Researchers from the UC Davis MIND Institute have linked untreated fever during a mother’s pregnancy with increased risk of autism or developmental delays in her child. In a large study including detailed information on participants, they found that women who reported fever had 2.12 times higher odds of having a child with autism and 2.5 times higher odds of having a child with developmental delay than women who reported no fever during pregnancy, or those who took anti-fever medication.
The study involved more than 1,100 women and their babies.
“If someone has fever during pregnancy they should take it seriously,” says lead study author Ousseny Zerbo, now a postdoctoral researcher with Kaiser Permanente, adding that this means taking over-the-counter anti-fever medication, and seeking medical attention if the fever persists. “Particularly during pregnancy, a lot of people don’t want to take any medication,” Zerbo says.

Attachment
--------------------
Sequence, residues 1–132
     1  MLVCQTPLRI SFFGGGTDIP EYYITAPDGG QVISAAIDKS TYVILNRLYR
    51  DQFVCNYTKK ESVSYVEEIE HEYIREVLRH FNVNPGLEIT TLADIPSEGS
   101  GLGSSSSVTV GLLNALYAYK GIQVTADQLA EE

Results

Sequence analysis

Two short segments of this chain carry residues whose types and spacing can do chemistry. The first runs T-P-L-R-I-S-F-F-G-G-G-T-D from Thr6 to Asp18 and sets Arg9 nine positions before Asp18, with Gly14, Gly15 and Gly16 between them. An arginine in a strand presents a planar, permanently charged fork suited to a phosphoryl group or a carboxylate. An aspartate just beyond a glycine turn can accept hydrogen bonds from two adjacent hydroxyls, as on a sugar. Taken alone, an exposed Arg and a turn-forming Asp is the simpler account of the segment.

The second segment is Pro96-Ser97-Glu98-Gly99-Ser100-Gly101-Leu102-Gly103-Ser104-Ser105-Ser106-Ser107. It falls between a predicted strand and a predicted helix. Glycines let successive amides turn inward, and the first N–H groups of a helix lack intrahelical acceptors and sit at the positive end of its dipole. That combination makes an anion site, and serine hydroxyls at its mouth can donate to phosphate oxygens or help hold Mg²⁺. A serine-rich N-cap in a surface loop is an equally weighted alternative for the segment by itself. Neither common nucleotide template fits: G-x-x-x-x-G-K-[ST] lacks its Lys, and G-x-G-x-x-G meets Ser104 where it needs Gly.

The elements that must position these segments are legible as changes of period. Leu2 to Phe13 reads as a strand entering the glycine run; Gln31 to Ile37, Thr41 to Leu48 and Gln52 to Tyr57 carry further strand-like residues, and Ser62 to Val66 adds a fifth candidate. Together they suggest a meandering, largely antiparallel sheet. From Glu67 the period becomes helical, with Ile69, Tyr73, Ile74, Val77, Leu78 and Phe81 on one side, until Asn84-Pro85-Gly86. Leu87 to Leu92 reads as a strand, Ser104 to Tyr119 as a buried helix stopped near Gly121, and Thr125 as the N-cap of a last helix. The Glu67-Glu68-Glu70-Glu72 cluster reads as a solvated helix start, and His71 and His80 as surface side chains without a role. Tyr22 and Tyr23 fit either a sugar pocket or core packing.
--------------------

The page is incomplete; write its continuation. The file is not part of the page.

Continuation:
But treating fever also treats the acute inflammation that accompanies it, and this could be the connection between fever and autism risk. Another recent study based on the same data found that mothers who were obese or had diabetes – conditions associated with chronic inflammation in the body – were also more likely to have children with autism.
Both studies were based on data from the Childhood Autism Risk from Genetics and the Environment (CHARGE) study, which collected information on a large group of California children ages 2 to 5.
Infection with bacteria or viruses triggers a healing response that releases inflammatory elements from white blood cells into the bloodstream. Called cytokines, these elements are able to cross the placenta, and could impact a developing baby’s brain. “I think we need to do a lot more study regarding inflammation during pregnancy,” says Zerbo.
The study was published online May 23 in the Journal of Autism and Developmental Disorders.